The decision in Yu v. Apple is concerning because the claims that the Court said lacked an inventive concept included structural elements.  Independent claim 1 recited, in part, “An improved digital camera comprising: a first and second image sensor closely positioned with respect to a common plane, said second image sensor sensitive to a full region of visible color spectrum; two lenses, each being mounted in from of one of said two image sensors. . .an analog to digital converting circuity coupled to said first and said second image sensor . . . ”  Rather than take the side of Judge Newman, who dissented from the decision and stated that a camera is an electronic device of a defined structure and mechanism (and hence should not be analyzed for whether it is “abstract”), the Majority focused on the recited functionality in claim 1 where the claim recites producing a first and second image.  The Majority considered the claim directed to the abstract idea of taking two pictures and using one picture to enhance the other.  But given that the claim was not to a method of enhancing a picture and instead, to a camera, it is disconcerting that the Court even applied the Alice/Mayo framework.

The decision in Yu v. Apple adds a patentability requirement to electronic devices that, per Judge Newman, constitutes “A review they have never received.”  As stated by Judge Newman, in this decision, the Majority converted a mechanical/electronic device into an abstract idea.  Judge Newman stated that the decision has enlarged the instability created in biological and computer-implemented technologies to all fields.  Given that electronic devices have applications that are often recited in the claims, this decision might be read to suggest that electronic devices that were already found to be novel and non-obvious are only patentable if the application itself is specific.  One issue with this standard is that a lot of electronic devices do the same thing.  Building a better mousetrap is certainly a reasonable goal for an inventor.  But this decision begs the question that even if the structure of the mousetrap itself is novel and non-obvious, is one required to describe catching the mouse in a manner that is specific?  What if the mousetrap just traps the mouse the same way that other traps do, but the trap is configured differently?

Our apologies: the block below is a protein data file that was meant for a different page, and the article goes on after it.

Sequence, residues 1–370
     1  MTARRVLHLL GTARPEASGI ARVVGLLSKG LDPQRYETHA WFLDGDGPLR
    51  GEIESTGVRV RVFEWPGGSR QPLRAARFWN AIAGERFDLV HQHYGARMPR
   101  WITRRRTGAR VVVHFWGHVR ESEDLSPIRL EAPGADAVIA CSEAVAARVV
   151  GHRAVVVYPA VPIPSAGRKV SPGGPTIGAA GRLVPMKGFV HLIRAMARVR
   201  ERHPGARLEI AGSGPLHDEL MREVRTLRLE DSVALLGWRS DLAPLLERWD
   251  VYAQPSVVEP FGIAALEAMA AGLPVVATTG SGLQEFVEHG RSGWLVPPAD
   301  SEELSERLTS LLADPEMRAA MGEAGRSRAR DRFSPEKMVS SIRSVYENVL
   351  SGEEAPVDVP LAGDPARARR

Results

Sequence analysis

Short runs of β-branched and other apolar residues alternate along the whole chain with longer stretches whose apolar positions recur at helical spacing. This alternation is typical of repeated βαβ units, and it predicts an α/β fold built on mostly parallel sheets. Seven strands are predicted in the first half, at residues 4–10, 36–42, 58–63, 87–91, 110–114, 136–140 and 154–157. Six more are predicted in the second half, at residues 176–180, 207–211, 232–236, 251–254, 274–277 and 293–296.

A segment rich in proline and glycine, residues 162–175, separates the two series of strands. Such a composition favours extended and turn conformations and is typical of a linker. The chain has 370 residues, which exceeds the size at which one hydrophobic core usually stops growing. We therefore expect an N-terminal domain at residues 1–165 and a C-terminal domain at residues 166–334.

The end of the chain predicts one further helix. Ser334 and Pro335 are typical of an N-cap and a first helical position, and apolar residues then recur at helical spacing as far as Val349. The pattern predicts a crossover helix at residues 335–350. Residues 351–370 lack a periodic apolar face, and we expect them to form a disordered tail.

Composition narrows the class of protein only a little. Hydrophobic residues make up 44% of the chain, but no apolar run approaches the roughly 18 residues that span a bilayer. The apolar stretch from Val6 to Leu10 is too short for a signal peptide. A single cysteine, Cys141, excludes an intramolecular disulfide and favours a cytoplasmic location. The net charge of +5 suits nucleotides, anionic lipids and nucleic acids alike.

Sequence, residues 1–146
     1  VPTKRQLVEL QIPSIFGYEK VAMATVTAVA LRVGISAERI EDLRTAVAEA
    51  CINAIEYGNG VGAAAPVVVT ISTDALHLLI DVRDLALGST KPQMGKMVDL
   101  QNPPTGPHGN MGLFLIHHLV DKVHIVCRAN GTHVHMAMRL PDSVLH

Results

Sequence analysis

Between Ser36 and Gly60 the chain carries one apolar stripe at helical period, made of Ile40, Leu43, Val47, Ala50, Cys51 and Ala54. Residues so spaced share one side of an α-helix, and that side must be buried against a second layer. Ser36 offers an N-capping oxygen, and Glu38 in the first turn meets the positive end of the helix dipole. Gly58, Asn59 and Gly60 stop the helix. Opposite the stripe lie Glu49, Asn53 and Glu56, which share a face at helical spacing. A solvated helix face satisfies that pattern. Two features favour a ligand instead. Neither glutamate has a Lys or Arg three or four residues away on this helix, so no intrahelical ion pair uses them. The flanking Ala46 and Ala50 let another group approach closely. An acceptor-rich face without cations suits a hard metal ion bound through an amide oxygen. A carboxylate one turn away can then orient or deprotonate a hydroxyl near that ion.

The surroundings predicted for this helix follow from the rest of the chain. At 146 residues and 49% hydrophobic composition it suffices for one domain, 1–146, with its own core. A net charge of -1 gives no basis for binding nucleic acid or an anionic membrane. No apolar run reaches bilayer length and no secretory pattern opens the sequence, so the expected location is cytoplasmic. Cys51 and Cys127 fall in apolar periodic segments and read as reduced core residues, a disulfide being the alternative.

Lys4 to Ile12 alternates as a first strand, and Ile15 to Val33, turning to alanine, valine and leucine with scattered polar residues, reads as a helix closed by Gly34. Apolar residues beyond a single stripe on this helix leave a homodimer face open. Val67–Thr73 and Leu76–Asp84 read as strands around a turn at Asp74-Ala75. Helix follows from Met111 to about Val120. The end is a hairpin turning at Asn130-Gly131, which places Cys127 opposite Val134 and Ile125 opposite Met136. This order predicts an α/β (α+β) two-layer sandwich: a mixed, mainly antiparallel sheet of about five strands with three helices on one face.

The line between 102/103 and 101 was already becoming blurred and Yu v. Apple continues to blur the line.  The Majority states that the structural elements of the camera were well known and that using one image to enhance another was well known.  This reads like an analysis under 102/103, but the original examiner who allowed the claims found that the combination of the elements was novel and non-obvious.  This contrast highlights a problem with 101 scrutiny in that now an invention need not only be novel and non-obvious, it has to be “specific” or original in some intangible way.  It is not enough that no one did something before, it appears that the building blocks to do that something also cannot have been available at the time.  The substitution of 101 for 102/103 appears to require applicants to include an original physical/structural element in inventions in the electronics area.  Given that most circuits are comprised of the same components, applying this type of standard could adversely affect innovation in electronic arts.

Innovation is encouraged by the patent system.  Innovation is generally understood to include doing new things, but it also includes doing older things, just better.  Practitioners, such as me, who work in the software area, have long understood that of course the software runs of a generic computer (portability is desirable in this industry) and that demanding a specific or original hardware component (which is a tact some examiners take) can be incompatible with that goal, and hence, the portability of the software should not render the claim abstract.  Now, it appears similar conversations will be taking place in the electronic arts.  Being a practitioner who also works extensively with circuitry, I will plan to start including recitations regarding the practical application of the invention and the specifics regarding how the invention is better than previous approaches to applications that I draft in the future in this area.